A major exhibition focusing on the spiritual and artistic significance of Christian relics and reliquaries in medieval Europe will open at the British Museum on 23 June and run until 9 October.
Sacred items related to Christ or the saints were first used during the early medieval period as a focus for prayer and veneration by Christians throughout Europe. Relics were usually human body parts, or material items sanctified through their contact with holy persons or places. This exhibition will feature a very broad range of the kinds of relics which were venerated, including three thorns thought to be from the crown of thorns, the breast milk of the Virgin Mary, and the Mandylion of Edessa – one of the earliest known likenesses of Jesus.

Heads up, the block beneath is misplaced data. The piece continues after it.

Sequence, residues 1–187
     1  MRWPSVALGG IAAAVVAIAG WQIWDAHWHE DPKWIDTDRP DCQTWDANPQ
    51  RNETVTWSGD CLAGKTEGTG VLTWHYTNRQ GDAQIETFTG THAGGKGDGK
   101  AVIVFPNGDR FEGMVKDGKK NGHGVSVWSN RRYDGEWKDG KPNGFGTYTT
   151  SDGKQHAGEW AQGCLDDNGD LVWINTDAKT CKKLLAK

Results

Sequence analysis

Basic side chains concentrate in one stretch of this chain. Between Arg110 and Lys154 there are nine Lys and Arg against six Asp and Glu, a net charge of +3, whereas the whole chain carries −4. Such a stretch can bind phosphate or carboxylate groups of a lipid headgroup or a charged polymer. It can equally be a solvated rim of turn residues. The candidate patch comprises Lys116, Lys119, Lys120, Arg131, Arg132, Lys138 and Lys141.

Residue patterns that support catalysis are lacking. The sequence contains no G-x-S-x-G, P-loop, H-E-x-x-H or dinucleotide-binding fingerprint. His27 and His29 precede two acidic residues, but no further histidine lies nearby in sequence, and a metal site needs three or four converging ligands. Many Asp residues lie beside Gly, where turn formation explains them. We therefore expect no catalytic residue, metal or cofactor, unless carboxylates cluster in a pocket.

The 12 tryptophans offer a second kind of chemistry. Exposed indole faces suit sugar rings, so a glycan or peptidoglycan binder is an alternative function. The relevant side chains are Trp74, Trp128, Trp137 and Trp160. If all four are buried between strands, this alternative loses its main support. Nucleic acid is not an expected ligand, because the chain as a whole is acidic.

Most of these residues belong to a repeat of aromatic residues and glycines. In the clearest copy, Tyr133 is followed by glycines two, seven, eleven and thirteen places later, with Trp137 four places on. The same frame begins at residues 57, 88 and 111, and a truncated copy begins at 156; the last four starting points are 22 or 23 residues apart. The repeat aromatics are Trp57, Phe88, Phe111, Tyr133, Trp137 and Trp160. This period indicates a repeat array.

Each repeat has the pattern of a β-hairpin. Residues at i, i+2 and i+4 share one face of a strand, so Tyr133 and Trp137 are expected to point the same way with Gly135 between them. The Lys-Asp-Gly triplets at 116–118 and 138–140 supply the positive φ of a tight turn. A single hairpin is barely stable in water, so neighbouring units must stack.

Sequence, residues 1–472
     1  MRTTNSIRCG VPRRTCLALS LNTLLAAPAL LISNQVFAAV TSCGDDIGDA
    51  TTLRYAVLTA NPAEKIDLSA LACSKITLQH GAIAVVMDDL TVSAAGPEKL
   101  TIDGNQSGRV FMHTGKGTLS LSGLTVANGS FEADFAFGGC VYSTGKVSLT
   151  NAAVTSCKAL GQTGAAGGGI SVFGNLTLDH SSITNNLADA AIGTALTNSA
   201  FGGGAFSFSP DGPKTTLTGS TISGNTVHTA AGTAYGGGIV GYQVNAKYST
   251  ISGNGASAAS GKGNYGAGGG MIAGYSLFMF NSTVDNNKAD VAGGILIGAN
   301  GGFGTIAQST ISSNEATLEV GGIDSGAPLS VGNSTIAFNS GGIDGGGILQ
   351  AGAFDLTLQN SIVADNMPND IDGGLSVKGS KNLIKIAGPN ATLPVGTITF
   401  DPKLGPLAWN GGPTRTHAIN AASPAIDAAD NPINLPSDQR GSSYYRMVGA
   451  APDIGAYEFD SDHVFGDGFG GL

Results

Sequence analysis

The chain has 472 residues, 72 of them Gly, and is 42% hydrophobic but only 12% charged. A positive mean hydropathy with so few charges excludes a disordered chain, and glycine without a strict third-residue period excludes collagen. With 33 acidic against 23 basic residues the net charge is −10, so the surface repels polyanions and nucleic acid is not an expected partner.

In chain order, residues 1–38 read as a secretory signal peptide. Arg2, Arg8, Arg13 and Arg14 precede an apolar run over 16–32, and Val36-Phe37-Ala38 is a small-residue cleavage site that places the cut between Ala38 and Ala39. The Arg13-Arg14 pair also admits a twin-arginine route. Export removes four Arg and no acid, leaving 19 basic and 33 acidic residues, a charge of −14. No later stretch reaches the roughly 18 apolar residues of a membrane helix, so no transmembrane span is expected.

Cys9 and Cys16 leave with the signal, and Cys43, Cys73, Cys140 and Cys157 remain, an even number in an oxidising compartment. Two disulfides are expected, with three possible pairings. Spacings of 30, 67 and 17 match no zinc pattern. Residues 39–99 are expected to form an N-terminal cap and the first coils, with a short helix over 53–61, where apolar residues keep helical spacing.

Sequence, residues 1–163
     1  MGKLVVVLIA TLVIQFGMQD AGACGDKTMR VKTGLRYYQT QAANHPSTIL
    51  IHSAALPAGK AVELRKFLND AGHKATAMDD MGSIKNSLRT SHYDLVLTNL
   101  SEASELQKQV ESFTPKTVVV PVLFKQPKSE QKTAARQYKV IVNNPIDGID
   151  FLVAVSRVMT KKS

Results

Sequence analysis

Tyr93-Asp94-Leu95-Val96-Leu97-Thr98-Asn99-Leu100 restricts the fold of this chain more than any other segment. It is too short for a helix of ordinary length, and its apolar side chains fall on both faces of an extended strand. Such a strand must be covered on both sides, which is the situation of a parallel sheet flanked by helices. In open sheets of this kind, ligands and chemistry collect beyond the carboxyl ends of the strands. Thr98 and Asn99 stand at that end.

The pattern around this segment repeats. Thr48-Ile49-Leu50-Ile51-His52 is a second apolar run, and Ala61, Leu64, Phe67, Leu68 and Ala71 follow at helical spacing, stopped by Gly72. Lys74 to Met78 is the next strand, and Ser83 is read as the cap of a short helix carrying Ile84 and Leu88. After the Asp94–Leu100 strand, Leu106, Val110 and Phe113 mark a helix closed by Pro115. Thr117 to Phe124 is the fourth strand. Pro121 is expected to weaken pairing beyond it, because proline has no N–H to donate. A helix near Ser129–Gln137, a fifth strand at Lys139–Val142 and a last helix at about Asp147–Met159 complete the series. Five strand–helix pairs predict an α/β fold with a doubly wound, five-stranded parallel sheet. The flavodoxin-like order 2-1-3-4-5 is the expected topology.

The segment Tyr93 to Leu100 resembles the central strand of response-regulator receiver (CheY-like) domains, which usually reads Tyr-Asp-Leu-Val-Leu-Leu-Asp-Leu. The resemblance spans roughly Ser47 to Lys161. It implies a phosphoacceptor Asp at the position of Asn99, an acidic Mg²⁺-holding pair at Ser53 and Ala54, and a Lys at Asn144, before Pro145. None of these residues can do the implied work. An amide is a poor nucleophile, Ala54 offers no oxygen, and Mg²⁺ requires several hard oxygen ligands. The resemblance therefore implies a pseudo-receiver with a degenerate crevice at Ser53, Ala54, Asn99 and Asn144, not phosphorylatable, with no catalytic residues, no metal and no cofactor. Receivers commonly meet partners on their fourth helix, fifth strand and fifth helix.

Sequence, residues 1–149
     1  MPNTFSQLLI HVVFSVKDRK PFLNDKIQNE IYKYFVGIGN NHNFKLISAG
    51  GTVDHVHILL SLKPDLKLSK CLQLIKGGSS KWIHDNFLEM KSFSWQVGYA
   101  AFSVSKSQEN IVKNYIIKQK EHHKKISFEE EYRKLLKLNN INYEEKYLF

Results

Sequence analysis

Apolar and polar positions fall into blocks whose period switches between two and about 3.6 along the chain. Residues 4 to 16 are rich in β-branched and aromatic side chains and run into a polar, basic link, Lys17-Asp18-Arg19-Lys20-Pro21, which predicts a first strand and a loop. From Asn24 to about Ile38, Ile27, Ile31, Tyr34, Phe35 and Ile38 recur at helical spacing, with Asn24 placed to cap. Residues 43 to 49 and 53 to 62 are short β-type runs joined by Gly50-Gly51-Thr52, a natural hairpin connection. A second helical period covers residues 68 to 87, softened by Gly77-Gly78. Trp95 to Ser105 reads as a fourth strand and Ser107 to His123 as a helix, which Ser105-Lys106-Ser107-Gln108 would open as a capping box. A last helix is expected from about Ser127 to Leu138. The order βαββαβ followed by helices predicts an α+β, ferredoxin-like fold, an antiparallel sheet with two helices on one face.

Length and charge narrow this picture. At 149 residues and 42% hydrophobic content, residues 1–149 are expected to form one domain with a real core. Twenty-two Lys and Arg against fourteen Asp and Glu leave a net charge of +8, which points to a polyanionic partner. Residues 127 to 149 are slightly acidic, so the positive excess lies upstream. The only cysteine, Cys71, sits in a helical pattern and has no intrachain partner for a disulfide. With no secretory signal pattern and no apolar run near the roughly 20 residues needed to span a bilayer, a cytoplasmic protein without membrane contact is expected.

A number of medieval stained glass windows showed shrines and relics. Examples include the Sainte-Chapelle in Paris, which included windows that depicted the purchase of the crown of thorns and other relics and their arrival in the French capital, and a window in Chartres Cathedral showing Charlemagne acquiring the garment worn by the Virgin Mary during pregnancy and labour, the Sancta Camisa.
For more information about Treasures of Heaven: saints, relic and devotion in medieval Europe, including opening times and admission charges, visit www.britishmuseum.org